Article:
I really appreciated the theme of going for your dreams, despite the immense rejection and obstacles that will come your way. I'm the only artist (I write stories and novels and tons of other things) and dreamer I know, so it's very frustrating to share my sadness and despair in the face of rejection. I don't know anyone else that well who can understand what it feels like to spend 20 years writing a novel that doesn't sell. And getting scammed when you're 21 by an "agent." (I was very heart-warmed to see that Gosling's character had also been scammed.) Nobody I know can relate.

I haven't been as brave as La-La Land's characters. I haven't gone all-out without a safety net. I've got a great career and benefits now, and I write when I can. I feel I'm too safe, too soft, to content and satisfied with my measly sales. But that all could've been different in my early-20s, when I was writing and floundering, and nobody was feeling me. Maybe I wouldn't have stopped writing for 9 years if I'd had someone then to talk to, to understand. I'd be a published novelist now with those 9 non-writing years back. (I know now that it's more my fault for letting the scam agent stop me than it was the scammer's for scamming me.) I didn't have a Mia at that time, or a Sebastian to come get me, to have confidence in me to keep me going.

But I digress. I think. Maybe not, for the message of the movie is to keep going, to try to achieve your dreams. And you'll have to accept the consequences as well. The ending of this movie reminded me of the ending to a depressing folksy song from the 70s. The end refrain mentions that "she wanted to be an actress / and I wanted to learn to fly." (Please leave a comment if you know the title.) Both in the song achieve their dreams, sort of: She's an unhappy trophy wife and he's an unhappy cabbie. She's an actress, because she has to act happy, and act like she loves her husband and her life. He has learned to fly, but as the end of the song goes: "I fly / so high / when I'm stoned." Well, La-La Land's characters aren't stoned (and let's not fall back on a stereotype about jazz musicians and drugs), but they aren't exactly happy, either. Not. At. All.

So go see this movie, but don't believe all the overhyped whimsy of this film. There is some, but I'm here to tell ya, this movie, in a way, is more depressing to me than the serious, depressing films I'm accused of preferring.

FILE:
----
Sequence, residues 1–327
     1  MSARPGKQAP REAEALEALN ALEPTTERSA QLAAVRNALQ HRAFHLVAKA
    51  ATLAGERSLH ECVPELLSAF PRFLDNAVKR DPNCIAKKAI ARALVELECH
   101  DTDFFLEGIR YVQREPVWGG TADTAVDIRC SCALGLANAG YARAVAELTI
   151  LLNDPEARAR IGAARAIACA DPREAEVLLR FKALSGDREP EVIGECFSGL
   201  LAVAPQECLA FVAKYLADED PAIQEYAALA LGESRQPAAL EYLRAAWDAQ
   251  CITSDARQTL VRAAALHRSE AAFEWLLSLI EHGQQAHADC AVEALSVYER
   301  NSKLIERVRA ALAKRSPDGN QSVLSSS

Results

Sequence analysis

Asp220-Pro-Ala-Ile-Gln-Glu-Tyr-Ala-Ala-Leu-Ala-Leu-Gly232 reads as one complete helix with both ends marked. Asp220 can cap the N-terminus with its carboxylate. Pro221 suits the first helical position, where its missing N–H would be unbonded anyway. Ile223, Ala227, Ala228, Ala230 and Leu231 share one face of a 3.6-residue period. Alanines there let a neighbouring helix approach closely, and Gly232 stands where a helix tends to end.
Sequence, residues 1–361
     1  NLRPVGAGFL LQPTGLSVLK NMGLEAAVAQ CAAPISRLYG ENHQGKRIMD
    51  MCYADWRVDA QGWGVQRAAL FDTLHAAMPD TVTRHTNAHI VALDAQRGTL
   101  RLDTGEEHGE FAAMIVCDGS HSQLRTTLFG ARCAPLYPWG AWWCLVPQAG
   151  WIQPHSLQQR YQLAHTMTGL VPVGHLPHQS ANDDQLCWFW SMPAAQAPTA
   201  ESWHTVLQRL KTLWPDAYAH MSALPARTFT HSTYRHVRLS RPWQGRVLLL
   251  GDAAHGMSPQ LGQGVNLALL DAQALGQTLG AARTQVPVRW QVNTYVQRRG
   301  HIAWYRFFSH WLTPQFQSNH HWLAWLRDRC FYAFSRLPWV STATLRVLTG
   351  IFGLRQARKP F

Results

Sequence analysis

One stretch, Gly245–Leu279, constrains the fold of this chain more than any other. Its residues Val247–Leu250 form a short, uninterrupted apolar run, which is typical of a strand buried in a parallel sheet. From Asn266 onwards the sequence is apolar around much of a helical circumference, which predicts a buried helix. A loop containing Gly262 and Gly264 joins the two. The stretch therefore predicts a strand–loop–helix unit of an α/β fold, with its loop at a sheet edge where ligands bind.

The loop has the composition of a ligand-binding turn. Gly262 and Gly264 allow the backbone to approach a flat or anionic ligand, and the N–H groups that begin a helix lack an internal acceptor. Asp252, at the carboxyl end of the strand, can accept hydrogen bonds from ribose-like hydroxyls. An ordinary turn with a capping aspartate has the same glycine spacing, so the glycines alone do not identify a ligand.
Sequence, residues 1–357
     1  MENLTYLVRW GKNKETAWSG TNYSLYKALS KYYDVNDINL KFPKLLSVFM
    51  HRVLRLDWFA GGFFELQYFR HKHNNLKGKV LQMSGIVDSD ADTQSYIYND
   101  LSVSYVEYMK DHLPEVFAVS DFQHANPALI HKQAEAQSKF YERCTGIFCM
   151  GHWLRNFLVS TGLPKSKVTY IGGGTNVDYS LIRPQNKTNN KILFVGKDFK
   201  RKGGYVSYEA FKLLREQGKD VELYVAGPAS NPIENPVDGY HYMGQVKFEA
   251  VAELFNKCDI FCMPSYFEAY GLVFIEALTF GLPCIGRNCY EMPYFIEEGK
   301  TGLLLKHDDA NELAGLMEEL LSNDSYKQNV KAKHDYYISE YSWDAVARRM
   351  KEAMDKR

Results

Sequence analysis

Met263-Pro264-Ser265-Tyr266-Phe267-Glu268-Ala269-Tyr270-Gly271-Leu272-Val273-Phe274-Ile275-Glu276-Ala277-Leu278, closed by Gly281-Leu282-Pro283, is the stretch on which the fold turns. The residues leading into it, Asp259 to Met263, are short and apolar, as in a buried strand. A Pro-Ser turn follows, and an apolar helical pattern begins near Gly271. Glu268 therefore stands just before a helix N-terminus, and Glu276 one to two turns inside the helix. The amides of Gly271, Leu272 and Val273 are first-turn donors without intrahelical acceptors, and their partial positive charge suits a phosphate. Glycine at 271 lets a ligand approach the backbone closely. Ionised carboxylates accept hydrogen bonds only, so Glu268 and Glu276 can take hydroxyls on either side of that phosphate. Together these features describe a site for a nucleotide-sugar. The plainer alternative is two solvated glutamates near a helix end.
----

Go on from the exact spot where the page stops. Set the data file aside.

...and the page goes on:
Do I really believe this movie is as sad as, say, Forrest Gump and Saving Private Ryan?

Yup. Yes I do.

Monday, January 9, 2017

Meryl Streep, With Class, Smokes Trump

Photo: From, at this address. I know it's two different pics, but doesn't it look like he's shouting at her, and she's laughing at him?

Rather than take the moment for herself, and talk about herself, and congratulate herself, like the subject of her comments would have, Meryl Streep took a moment to remind the Foreign Press to make sure that they behave like the press, to call the powerful to account for any outlandish behavior our new and childish leader may exhibit. They're gonna be busy.

Here's the clip, in case you missed it, from, at the Golden Globes. Just click this link.

After her classy, understated, honest and stirring comments, I said to my better half: "How long until he calls her a terrible actress, or that she's overrated"--a common Trump tweet word--"or that her movies suck?"

Answer: Not long at all. He took to Twitter faster than you can say "he took to Twitter," and quickly thumb-typed that Streep was “one of the most over-rated actresses in Hollywood.”

Overrated is, of course, one word. Obama would've known that. Then again, classy statesmen--and stateswomen--say things verbally, without hiding behind texted social media. They know how to say things, to state things with class and authority. They could type and write things correctly, too, but the point is they don't have to. They don't jump on social media like a miffed adolescent. Though I understand that to compare Trump to an offended adolescent is an insult to offended adolescents everywhere.

The reaction to his reaction was severe and swift. Note to Trump: You will not win a fight by denigrating Streep's acting ability. Hollywood not just loves her; it respects her. This is a fight you will lose. And it wasn't cool to compare yourself to Jesus over the holiday break, either, by the way.

SNL's former alumni, Rachel Dratch, said: “Anyone who calls #Meryl ‘overrated’ is unfit to serve."

Judd Apatow said, “She is over rated as an actress like Michael Jordan is over rated as a basketball player or Sully as a pilot or Ted Williams at baseball."

Star Trek's Mr. Sulu, George Takei, imitating a typical Trump tweet (which will be a common alliteration these next four years, just watch), wrote: “What a small, small man. SAD!"